So what makes The Crash different?According to the Edmonton designers behind the idea, this hotel won’t be “your parents’ hotel”. Meaning that they are targeting a younger audience with a more “connected” outlook. The newly designed Edmonton space apparently brings that all so essential community feel that Millennials and Gen Xers crave. There are communal areas for hooking up your devices, shared bathrooms, rooms with bunkbeds, lower price point. Definitely some features that appeal to the young at heart, the traveller, the price conscious. But to Millennials specifically? Why? Shouldn’t it instead be trying to capture exactly the person that I described above?
A New Millennial Thing? Not ReallyHostels do appeal to a certain niche, but they are not a new idea. According to Wikipedia, the first hostel that we’d recognize as such opened in 1912. They’ve been a unique and vibrant alternative to stuffy hotels for over a hundred years. That’s not new. At this point, it’s no longer even unique.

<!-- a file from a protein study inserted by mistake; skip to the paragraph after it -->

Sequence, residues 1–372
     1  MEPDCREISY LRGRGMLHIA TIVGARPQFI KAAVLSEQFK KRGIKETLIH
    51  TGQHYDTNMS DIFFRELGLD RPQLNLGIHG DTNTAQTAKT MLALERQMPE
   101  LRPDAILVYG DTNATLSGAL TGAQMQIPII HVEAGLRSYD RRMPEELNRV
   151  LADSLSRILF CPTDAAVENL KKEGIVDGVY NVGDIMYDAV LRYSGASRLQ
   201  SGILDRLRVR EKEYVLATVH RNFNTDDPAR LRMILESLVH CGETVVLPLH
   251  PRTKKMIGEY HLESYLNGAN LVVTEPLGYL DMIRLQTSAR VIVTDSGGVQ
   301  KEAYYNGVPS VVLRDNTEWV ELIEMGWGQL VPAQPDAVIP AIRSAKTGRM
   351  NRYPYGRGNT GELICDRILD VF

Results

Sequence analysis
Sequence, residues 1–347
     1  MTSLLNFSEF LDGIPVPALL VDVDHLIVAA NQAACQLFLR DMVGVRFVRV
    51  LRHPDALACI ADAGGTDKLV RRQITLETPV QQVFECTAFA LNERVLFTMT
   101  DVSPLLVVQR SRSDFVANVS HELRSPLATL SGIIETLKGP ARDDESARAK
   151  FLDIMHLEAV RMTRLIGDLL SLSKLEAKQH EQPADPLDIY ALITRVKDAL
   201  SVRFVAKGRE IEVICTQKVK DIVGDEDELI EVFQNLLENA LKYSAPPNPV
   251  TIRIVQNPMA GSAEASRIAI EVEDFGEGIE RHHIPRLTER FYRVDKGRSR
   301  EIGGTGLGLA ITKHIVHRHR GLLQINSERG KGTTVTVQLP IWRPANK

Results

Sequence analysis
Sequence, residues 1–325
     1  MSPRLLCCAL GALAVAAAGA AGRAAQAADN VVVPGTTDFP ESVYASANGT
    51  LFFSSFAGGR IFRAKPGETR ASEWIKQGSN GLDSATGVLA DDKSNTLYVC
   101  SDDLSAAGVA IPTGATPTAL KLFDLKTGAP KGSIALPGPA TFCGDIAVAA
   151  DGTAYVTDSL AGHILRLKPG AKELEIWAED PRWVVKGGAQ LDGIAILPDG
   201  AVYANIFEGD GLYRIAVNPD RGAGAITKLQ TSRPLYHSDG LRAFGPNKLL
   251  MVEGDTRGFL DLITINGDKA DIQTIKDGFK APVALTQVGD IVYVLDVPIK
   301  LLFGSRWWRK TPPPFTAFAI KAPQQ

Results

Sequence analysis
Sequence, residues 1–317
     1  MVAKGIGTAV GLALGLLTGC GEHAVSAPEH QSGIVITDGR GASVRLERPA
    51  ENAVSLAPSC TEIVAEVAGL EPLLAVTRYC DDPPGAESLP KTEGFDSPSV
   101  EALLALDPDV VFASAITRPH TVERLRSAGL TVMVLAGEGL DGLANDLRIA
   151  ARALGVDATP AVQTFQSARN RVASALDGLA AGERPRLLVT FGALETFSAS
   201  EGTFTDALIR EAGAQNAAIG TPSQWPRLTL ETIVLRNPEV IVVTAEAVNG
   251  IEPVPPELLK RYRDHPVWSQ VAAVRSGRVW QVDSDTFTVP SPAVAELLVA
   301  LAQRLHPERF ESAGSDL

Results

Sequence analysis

Whenever we try to scoop up such an arbitrary section of the population and jam them into our marketing, we risk alienating the actual core consumer we actually need to target. We run into the problem of trying to be everything to everyone, only to end up being nothing to anyone. So to The Crash Hotel in Edmonton (and to the lazy writers of Edmonton Metro), I say do your research, find your niche, and cut out this lazy over-reliance on arbitrary dates of birth to base your marketing efforts. You’ll have a better designed strategy if you do. Thoughts? Let us know in the comments below!